True Crime? The Curious Case of Remy Couture

Remy Couture in his studio. Makes your workspace look tame by comparison.

You may or may not be aware of this case so let me start with a brief recap:

Remy Couture is a special effects artist here in my hometown of Montreal. His speciality is crime and (mostly) gore. Truth be told, he is really, really good at it. So good that he was recently accused of “producing and distributing obscene material” an offense that is usually reserved for “true” events that have been filmed and distributed (such is the case of alleged killer Rocco Magnotta.)

Now, bear with me.

Remy Couture, who has worked on many big budget films, such as Death Race and The Mummy 3, self-produced, filmed, and distributed his own movie titled Inner Depravity. It is a movie for which he also made the special effects: the blood, the gore, the decay. He even acted in it. That was a few years ago and it was intended to be a portfolio piece.

On many accounts, the scenario appeared to be unoriginal. A deranged serial killer kidnaps, tortures, rapes, and kills young women in unsavoury ways that will undoubtedly land him in special hell. (Yes, I’ve been watching Firefly again!)

We have all seen movies that have a similar plot, and serial killers are a very basic element of crime fiction in general. If you are a fan of Asian cinema, as I am, and have seen your share of Takashi Miike movies, there is little left in this world to impress or disgust you. That is not why Inner Depravity’s case is interesting.

What is interesting is why Mr. Couture was arrested in the first place.

The complaint first came from Interpol. An Austrian pathologist filed the international arrest warrant after viewing the movie because he was unable to guarantee that the images filmed were not, in fact, real rapes and murders caught on tape.

In the end, Mr. Couture was found not guilty of the crime. Most of the articles I read on the subject agreed that the case was a dud and that it shouldn’t have been brought to court in the first place. There is a disclaimer at the beginning of Mr. Couture’s film, with a title band and a full generic at the end. It is, and remains, a horror movie like any other. Most analysts and commentators (in Montreal at least) were worried about the case’s repercussions on freedom of speech and the cinema industry in general and I guess everyone was happy about the verdict.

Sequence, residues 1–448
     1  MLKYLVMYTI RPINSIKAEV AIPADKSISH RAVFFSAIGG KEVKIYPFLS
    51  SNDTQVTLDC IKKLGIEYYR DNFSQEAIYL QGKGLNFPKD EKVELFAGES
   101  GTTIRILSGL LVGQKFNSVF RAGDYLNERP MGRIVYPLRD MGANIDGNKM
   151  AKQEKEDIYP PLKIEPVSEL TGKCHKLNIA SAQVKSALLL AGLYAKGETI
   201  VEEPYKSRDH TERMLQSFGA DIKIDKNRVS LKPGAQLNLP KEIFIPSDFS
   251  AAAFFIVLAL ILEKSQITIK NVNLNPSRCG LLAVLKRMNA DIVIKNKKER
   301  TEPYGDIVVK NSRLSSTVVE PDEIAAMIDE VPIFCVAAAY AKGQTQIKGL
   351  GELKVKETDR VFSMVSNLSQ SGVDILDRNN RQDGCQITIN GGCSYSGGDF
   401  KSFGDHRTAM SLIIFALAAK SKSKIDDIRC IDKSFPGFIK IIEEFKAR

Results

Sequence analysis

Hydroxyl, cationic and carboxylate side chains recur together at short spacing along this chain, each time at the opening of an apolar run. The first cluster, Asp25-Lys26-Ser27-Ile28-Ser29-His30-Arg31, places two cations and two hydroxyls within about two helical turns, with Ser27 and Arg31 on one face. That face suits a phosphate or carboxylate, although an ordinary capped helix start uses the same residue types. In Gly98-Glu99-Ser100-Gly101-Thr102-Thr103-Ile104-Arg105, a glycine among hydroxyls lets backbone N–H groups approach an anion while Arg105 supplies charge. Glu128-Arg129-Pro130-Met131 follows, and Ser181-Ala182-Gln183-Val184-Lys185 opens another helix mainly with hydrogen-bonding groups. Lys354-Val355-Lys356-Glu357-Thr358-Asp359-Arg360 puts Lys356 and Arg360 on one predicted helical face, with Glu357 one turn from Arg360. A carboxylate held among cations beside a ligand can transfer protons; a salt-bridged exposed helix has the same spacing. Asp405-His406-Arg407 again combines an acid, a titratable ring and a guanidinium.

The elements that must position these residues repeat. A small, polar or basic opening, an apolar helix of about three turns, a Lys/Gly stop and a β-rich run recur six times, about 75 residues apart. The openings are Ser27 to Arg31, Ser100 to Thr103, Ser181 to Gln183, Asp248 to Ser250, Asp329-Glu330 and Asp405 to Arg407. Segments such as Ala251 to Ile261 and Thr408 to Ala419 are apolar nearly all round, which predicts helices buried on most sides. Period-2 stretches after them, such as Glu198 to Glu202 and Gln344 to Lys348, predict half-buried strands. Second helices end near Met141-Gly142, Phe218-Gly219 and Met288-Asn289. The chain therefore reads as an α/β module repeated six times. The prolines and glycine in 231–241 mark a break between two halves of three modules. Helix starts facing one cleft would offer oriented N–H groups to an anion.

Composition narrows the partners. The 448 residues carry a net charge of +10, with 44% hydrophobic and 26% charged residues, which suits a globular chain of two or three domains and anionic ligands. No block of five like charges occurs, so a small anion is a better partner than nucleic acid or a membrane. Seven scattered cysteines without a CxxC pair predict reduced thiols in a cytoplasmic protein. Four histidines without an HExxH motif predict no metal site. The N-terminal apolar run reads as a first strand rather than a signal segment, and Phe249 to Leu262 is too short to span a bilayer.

As my knowledge of the law is limited to certain union procedures and labour laws, I know that better qualified people than I will comment on the case and all of its judicial details in ways that I could never do. I am, after all, only a fan of crime fiction, not a lawyer or a judge.

I will allow myself this comment though: Being a fan of horror doesn’t make Remy Couture a distorted, delusional, and disgusting human being. But being able to fool law enforcement into believing that his make-up job was a true-crime, snuff movie, now that makes him a hell of a special effects artist.  

Photo from Click to see more, but be warned…they are very, very realistic!

Ian Truman is a hardcore kid turned writer. He has been straight edge and vegetarian for at least a decade now and hopes to bring the passion, verve, and dedication of hardcore into the art form of the novel. You can find him in Montreal, Quebec, with his wife Mary and daughter Kaori or on his website at

Read all posts by Ian Truman for Criminal Element.


  1. Alejandra

    Hay mas informacion sobre Rémy Couture?
    me interesa mucho saber que a pasado con el.


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